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Big cats are among the most revered and feared animals on earth. Biologists consider six species to be big cats: leopards, cheetahs, jaguars, lions, snow leopards, and tigers. Other big cat facts include their unique breeding patterns and social structures. While many of these animals are elusive to see in the wild, the sight of a big cat can be a life-changing experience.
Big cats have similar breeding and mating practices in most cases. In general, these cats are mostly solitary. Adult females only living with other members of their species when with their young.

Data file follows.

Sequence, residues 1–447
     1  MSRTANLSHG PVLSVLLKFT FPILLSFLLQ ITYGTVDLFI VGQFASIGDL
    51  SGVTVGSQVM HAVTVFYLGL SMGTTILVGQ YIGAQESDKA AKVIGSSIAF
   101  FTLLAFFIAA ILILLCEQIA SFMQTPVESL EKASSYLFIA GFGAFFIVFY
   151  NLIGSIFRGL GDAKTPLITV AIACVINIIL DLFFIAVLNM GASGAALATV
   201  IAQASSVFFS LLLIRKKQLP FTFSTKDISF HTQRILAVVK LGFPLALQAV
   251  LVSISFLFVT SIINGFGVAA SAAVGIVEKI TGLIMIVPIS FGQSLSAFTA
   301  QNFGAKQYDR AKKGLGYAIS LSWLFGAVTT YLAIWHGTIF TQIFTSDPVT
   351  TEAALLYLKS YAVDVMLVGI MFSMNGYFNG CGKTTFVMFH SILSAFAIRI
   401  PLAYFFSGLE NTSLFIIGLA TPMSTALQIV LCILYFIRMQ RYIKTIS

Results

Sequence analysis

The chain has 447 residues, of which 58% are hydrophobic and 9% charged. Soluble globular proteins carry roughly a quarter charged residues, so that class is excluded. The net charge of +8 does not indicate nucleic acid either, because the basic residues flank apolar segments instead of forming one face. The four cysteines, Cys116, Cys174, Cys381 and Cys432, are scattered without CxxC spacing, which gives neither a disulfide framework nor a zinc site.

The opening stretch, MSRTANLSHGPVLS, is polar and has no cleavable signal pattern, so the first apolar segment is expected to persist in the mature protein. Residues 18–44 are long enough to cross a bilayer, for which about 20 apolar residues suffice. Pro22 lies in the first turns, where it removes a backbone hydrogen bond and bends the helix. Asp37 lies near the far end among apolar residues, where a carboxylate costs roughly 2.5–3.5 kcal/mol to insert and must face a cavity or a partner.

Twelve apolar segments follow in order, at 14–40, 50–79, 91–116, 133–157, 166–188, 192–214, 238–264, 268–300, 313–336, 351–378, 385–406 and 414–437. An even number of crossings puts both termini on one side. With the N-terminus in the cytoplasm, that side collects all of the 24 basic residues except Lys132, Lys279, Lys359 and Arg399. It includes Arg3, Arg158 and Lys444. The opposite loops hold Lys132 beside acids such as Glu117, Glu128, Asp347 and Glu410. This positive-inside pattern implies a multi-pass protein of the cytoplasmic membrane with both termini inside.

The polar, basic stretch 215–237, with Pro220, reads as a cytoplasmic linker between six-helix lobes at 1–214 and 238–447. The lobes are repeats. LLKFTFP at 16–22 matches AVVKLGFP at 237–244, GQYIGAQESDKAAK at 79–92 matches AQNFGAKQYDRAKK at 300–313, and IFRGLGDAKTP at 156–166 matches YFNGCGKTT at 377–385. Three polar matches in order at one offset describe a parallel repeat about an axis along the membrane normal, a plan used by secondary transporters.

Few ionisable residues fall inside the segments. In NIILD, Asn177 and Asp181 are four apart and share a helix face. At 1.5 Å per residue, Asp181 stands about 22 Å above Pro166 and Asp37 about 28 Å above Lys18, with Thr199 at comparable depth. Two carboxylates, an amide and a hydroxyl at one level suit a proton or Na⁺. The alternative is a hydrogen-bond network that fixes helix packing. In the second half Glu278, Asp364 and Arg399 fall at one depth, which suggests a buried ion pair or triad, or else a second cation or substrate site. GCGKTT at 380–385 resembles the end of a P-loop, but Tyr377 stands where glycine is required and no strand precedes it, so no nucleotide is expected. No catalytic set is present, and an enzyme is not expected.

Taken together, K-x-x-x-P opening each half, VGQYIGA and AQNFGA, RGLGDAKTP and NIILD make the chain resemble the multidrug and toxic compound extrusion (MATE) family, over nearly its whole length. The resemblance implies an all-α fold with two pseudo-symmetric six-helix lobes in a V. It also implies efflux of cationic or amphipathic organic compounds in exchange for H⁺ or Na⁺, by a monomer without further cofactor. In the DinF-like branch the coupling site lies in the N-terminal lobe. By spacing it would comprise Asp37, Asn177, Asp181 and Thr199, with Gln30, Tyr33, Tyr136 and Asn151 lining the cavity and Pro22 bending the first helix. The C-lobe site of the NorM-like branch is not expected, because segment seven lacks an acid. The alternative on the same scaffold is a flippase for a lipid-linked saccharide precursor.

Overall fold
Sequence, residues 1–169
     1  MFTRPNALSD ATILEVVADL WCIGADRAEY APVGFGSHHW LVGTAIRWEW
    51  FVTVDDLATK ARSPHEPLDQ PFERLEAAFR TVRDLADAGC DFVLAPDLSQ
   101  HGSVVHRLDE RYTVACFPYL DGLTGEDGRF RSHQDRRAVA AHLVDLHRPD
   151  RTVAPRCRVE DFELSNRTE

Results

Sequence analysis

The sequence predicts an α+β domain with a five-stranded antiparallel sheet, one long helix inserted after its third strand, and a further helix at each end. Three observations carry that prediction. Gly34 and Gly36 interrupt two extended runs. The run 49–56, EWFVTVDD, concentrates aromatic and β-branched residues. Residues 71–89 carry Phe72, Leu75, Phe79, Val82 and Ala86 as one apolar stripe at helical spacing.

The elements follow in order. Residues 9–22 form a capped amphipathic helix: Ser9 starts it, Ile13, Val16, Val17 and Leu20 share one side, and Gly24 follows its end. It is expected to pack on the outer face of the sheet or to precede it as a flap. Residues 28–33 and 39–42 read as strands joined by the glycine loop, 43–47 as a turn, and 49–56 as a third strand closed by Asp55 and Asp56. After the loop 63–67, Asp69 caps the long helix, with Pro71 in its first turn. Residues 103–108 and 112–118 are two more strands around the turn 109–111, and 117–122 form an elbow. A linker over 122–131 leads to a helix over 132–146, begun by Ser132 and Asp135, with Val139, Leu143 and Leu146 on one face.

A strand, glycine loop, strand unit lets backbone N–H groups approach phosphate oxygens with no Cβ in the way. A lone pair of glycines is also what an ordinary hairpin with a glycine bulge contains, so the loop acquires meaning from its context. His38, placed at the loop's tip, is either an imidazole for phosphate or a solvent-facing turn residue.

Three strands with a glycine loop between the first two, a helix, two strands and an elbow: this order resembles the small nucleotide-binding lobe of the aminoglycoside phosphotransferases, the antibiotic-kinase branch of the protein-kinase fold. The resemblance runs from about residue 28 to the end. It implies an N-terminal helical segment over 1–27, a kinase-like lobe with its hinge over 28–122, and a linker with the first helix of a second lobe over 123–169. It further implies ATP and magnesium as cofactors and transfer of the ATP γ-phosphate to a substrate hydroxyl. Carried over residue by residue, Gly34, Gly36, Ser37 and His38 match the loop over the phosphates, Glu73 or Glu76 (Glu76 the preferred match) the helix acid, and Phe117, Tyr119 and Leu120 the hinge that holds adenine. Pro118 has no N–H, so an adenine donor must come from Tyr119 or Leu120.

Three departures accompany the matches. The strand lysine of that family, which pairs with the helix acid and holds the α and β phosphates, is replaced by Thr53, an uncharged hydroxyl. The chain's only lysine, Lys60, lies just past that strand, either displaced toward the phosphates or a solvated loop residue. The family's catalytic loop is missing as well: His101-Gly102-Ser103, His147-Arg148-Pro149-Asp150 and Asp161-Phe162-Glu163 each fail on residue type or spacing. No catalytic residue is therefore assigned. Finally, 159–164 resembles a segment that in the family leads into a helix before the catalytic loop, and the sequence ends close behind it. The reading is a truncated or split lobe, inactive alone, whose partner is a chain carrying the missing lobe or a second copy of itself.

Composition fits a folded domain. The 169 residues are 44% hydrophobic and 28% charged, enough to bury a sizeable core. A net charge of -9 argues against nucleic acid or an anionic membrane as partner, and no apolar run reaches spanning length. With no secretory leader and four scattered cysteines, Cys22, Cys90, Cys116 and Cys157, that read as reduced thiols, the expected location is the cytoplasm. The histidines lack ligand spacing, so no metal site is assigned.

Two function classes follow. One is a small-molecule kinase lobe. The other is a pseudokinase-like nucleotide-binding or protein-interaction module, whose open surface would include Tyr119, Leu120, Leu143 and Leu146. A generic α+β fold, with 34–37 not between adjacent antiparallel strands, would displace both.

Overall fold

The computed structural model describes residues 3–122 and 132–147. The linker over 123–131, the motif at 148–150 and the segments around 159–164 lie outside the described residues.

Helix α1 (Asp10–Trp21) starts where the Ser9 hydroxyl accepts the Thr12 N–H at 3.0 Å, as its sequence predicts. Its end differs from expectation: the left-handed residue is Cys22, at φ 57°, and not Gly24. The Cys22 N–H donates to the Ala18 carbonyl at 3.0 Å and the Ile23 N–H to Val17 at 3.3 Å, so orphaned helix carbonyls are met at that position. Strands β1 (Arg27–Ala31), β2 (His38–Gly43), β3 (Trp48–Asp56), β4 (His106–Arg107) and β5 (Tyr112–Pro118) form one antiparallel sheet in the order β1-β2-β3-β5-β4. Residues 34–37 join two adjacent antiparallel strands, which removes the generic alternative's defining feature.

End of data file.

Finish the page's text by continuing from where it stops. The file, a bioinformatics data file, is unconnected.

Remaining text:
Lions are the only big cats to live in groups (known as prides) and adult male cheetahs live in pairs. Cats in colder climates generally mate in the winter and have their young in the spring. Cats in warm climates generally mate year round.
Females begin mating at 2-4 years of age. Their gestation period averages between 90 and 110 days and depends on the species. Female cats usually will have their cubs in dens or areas protected by vegetation.
Mother cats have typically 1 – 4 cubs in a litter, while some cats, like cheetahs can have up to 9 cubs in a litter. The cubs are born with their eyes closed, and don’t open them until between a 1 and 2 weeks old.